The other day I got pressed into service on a canning operation. My job was to peel 25 pounds of tomatoes and pass them on to be made into sauce. This required the set-up you see here: a pot of boiling water to loosen the skins, a pot of cool water to bring them back to handling temperature, a place for the discarded skins and a slotted spoon to make the transfers.
I had been told I didn’t need to worry about the stems but quickly discovered this particular batch of Romas was a bit woody. So when is the best time to cut out the stem-ends? If you do it after peeling the tomato falls apart. So, it needs to be done before they go in the boiling water bath. This is the kind of production-line decision that is made by professional cooks dozens of times a day and is why they are different than even the most accomplished home cooks.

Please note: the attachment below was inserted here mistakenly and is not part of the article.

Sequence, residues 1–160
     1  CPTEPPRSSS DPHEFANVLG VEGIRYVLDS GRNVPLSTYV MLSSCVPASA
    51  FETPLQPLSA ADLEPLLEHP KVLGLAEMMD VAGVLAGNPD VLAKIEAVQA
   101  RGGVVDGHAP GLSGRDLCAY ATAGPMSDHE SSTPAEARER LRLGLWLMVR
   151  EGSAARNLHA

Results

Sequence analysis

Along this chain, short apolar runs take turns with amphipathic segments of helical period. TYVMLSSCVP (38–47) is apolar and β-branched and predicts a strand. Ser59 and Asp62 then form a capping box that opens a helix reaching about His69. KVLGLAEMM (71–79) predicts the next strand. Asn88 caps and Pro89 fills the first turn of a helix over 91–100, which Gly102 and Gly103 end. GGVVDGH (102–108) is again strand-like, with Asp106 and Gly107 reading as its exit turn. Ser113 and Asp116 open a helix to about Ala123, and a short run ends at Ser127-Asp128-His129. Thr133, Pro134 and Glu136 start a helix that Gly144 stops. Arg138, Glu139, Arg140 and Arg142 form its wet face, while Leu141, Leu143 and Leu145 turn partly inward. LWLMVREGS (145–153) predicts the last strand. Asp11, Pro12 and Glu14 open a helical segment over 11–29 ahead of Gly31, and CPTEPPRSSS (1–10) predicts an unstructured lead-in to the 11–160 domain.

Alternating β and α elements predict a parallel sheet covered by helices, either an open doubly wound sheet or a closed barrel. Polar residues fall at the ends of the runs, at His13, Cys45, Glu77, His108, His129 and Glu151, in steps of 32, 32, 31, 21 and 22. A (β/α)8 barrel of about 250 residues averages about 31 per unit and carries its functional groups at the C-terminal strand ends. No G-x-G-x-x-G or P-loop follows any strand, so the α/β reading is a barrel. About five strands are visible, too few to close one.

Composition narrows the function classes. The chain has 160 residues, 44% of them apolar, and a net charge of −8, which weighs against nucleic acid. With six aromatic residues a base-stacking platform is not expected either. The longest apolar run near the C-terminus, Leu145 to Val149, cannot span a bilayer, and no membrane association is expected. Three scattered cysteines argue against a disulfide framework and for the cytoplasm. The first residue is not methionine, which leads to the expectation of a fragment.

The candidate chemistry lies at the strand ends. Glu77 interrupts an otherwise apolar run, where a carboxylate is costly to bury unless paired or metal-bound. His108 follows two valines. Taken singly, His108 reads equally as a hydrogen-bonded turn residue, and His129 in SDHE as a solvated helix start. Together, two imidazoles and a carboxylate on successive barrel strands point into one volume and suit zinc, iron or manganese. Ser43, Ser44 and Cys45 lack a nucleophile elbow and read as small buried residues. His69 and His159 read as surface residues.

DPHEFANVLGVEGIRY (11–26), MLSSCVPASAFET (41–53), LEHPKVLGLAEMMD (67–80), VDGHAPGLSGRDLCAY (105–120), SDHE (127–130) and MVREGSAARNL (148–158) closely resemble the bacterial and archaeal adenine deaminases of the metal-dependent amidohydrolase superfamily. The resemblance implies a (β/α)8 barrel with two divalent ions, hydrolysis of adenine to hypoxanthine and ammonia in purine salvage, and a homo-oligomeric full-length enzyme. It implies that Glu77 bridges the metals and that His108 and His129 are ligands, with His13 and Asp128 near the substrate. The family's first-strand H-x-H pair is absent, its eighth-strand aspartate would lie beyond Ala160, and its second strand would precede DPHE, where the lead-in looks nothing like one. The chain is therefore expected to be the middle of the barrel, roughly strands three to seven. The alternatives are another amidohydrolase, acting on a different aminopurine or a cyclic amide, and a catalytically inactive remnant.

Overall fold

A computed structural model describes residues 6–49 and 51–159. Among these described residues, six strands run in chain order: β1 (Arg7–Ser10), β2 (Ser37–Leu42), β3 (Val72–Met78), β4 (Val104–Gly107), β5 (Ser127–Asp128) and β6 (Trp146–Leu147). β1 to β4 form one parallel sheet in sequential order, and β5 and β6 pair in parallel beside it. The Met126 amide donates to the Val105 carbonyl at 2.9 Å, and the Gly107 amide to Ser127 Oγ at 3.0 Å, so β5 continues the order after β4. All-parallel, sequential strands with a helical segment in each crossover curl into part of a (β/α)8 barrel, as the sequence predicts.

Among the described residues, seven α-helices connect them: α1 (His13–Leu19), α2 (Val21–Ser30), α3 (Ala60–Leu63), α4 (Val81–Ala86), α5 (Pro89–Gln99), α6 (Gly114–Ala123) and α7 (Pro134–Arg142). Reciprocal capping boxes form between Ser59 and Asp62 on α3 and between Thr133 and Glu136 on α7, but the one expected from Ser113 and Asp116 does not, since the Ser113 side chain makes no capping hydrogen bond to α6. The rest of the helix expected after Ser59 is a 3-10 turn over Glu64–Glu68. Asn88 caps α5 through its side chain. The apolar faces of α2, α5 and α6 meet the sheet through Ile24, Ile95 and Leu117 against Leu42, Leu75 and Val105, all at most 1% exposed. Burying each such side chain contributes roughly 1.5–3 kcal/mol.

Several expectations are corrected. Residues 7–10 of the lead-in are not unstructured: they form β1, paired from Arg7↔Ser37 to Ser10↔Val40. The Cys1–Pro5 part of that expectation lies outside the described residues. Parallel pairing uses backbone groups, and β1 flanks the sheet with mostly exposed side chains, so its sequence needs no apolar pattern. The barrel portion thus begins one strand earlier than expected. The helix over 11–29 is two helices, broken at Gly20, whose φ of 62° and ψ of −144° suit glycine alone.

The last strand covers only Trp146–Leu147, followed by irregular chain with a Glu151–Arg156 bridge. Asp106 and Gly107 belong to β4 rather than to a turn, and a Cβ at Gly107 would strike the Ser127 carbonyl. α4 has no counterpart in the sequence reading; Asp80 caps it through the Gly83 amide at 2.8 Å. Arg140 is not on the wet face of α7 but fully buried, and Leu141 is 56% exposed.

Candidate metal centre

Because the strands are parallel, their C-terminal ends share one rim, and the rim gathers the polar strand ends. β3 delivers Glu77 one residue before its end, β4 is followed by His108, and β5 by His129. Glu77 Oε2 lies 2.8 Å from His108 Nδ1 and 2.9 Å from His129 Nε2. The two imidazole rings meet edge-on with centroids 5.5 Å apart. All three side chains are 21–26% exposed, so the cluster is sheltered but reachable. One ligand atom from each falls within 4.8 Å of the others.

You can do a job very well, but if it’s one-off there’s no guarantee that you will be able to repeat with identical results. I can reliably cook steaks because I once worked in a steakhouse. But I have no such experience with deep frying so my results are more experimental. I expect it’s the same for most of us. In particular, it’s why there’s such a difference between home and professional bakers. You can’t be assured of consistent baguettes until you have made dozens or hundreds of them day after day.
This is not to slight home cooks. It’s fun to experiment and discover new things. But predictability is nice, and if I’m paying for the meal I insist on it.